PSC Uptake of Exosomes Secreted by Acinar Cells and Exosomal miRNA
To investigate the distribution of miR-130a-3p, we used RT-PCR to detect miR-130a-3p in the complete culture medium of control group and activated group cells. As expected, acinar cells released more miR-130a-3p after activation (Figure 1C). To further understand the distribution of miR-130a-3p, we centrifuged complete culture medium from the two groups to obtain exosomes and supernatant and then assessed the miR-130a-3p levels in both. Surprisingly, we found that miR-130a-3p was mainly distributed in exosomes from both the control and activation groups, but the miR-130a-3p level in the activated group was substantially higher than that in the control group, which was consistent with our microarray analysis results (Figure 1D). To observe the trajectory of miRNAs in exosomes and exosomal miRNA, we labeled exosomes and the miRNAs in exosomes with fluorescent markers and observed them with a confocal fluorescence microscope. We observed no fluorescence in PSCs after adding Dil-C18-labeled supernatant to the PSC medium. In contrast, red fluorescence appeared in the PSCs (Figure 1E) after incubation with Dil-C18-labeled exosomes. This result confirmed that the exosomes were successfully extracted and were ingested by PSCs after incubation. AO was used to label miRNA in the supernatant group and the exosome group, followed by incubation with PSCs. In the AO-labeled supernatant group, no red fluorescence appeared in the PSCs, while in the AO-labeled exosome group, red fluorescence appeared in the PSCs (Figure 1E). This result confirmed that miRNAs were abundantly enriched in the exosome group and entered the PSCs through exosomes. In summary, we confirmed that miR-130a-3p was highly expressed in pancreatic acinar cells after injury and is mainly distributed in exosomes that transport miRNAs into PSCs.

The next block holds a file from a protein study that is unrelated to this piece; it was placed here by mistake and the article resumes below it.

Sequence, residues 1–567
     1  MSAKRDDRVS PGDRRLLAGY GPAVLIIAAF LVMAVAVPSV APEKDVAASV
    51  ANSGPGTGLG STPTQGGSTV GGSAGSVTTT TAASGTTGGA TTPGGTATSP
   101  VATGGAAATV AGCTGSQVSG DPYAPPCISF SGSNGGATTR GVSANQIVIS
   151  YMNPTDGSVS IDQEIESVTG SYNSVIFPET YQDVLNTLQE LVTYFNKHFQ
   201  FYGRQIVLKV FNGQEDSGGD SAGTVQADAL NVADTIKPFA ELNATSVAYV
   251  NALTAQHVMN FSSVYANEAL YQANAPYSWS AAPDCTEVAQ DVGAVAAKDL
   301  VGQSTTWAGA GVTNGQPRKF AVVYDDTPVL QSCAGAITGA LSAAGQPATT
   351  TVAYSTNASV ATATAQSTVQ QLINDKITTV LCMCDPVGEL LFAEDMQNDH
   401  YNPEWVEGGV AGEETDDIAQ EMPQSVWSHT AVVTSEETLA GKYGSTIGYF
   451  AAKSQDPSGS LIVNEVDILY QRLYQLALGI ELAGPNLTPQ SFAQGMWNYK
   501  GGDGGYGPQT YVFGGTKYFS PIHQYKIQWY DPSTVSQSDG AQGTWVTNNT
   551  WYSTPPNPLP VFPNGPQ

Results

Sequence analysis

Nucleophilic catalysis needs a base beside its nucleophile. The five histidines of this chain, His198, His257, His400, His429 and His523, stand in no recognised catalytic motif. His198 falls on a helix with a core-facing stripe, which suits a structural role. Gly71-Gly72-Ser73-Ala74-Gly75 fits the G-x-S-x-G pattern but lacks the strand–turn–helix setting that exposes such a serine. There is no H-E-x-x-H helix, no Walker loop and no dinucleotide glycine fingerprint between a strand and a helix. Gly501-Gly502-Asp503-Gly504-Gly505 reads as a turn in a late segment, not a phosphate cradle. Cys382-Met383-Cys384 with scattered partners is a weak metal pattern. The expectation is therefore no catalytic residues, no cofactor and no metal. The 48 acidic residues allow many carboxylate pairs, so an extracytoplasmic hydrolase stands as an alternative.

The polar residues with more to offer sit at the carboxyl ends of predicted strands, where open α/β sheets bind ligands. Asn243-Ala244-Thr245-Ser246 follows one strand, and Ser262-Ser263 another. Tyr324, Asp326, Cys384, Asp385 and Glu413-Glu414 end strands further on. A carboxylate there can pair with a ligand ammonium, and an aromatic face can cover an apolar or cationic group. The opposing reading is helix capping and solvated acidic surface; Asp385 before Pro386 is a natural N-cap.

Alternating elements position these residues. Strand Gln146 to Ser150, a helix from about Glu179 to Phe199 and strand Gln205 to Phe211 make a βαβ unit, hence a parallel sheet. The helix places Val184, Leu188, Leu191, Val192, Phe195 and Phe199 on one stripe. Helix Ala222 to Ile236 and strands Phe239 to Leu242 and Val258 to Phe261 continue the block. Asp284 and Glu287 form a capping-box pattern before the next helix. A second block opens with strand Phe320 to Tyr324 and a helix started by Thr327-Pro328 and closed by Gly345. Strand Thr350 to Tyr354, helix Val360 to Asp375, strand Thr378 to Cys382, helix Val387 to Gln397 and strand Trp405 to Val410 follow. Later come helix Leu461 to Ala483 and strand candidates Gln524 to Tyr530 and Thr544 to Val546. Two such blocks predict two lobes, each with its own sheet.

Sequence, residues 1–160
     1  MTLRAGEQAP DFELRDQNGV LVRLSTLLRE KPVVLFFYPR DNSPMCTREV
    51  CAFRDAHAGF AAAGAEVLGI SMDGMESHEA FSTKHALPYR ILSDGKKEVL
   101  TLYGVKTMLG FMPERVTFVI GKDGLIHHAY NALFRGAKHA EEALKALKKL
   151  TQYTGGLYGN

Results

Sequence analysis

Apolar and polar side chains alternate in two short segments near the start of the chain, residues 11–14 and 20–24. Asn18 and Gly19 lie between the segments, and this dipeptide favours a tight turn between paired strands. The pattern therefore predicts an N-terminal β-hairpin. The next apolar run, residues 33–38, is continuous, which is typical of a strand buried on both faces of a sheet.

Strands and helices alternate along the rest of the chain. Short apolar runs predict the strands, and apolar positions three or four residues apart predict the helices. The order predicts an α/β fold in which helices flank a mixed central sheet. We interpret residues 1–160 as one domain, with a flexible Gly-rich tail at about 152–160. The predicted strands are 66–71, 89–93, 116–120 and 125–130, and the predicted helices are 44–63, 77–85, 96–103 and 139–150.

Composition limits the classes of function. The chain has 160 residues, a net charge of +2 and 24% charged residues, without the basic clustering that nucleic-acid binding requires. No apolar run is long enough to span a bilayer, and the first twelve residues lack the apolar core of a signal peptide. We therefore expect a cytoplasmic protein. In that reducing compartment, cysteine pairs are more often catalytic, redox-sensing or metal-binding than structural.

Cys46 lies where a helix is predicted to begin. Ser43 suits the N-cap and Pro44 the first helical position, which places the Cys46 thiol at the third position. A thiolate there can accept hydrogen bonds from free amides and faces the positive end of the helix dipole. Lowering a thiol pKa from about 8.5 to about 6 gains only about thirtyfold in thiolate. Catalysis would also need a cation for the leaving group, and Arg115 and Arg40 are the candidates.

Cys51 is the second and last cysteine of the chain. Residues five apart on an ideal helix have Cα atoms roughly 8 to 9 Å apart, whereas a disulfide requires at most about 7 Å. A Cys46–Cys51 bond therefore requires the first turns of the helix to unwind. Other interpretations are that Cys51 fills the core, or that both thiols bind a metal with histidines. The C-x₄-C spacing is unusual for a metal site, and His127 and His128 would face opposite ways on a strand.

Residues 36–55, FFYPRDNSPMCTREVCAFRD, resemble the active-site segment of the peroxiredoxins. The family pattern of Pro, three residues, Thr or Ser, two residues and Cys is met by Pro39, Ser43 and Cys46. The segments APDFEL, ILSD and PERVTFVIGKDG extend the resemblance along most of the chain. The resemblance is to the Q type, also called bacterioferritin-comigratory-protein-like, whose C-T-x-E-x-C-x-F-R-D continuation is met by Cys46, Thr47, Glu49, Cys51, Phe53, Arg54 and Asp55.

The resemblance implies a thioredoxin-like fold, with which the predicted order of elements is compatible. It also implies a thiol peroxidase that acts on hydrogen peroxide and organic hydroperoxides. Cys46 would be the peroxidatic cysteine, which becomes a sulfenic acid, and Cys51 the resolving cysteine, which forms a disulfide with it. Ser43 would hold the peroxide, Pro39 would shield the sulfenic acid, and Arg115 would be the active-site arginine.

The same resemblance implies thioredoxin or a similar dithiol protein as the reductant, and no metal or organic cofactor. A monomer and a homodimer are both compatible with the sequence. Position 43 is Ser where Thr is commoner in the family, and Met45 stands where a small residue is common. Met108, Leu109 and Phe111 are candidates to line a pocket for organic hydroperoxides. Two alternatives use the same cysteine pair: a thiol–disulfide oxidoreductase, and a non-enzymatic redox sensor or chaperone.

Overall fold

Exosomal miR-130a-3p Derived from Pancreatic Acinar Cells Can Activate PSCs and Promote Pancreatic Fibrosis